Johns Hopkins University
Financial Aid Code of Conduct and Policy on Education Loans
This code of conduct applies to all university divisions and to all trustees, employees, officers and agents of the university, including without limitation individuals who are employed in a financial aid office or who otherwise have responsibilities with respect to education loans. This code reiterates and reflects the university's continuing commitment to conducting financial aid practices with integrity, free from conflicts of interest, in the interest of students, and in compliance with applicable law.
For purpose of this code of conduct, lending institution means:
(a) Any entity that itself or through an affiliate engages in the business of making loans to students, parents or others for purposes of financing higher education expenses or that securitizes such loans; or
(b) Any entity, or association of entities, that guarantees or services education loans; or
(c) Any industry, trade or professional association that receives money from any entity described above in subsections (a) and (b).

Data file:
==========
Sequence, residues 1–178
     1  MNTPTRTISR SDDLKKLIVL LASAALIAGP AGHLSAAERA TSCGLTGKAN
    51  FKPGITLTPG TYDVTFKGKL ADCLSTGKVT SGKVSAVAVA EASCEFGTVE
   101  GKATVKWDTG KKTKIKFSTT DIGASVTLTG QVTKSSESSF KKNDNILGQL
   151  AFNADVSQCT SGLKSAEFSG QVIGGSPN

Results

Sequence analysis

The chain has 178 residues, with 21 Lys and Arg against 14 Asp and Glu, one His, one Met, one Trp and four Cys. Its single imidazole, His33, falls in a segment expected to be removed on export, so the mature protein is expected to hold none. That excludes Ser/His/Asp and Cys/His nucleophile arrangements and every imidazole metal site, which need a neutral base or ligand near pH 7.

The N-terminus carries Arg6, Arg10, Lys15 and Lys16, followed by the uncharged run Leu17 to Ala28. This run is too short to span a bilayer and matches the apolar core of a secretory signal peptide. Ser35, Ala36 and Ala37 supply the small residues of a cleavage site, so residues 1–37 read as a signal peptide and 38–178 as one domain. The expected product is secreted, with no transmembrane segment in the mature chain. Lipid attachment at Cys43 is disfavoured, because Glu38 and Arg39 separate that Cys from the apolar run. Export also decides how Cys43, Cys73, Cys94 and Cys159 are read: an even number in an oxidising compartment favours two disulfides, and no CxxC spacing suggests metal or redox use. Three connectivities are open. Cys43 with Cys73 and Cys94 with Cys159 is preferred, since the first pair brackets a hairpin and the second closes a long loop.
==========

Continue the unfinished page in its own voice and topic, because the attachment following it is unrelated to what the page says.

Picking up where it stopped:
I. Prohibition on Revenue Sharing with Lending Institutions and on Solicitation or Acceptance of Remuneration or Assistance from a Lending Institution
The university prohibits any revenue-sharing arrangement with any lending institution. Revenue sharing is any arrangement by which a lender pays the university a percentage of the principal loan taken by a borrower or otherwise compensates the university as a result of a borrower taking a loan.
The university may not accept or solicit anything of value from any lending institution related to its education loan activity. This prohibition shall include, but not be limited to, (i) revenue sharing by a lending institution with the university, (ii) the university's receipt from any lending institution of any computer hardware for which the university pays below-market prices and (iii) printing costs or services.
The university also may not accept or solicit staffing assistance from a lending institution, including but not limited to call center staffing or financial aid office staffing. The university shall ensure that it does not identify any employee or other agent of a lending institution to students or prospective students of the university or their parents as an employee or agent of the university.
II. Ban on Opportunity Loans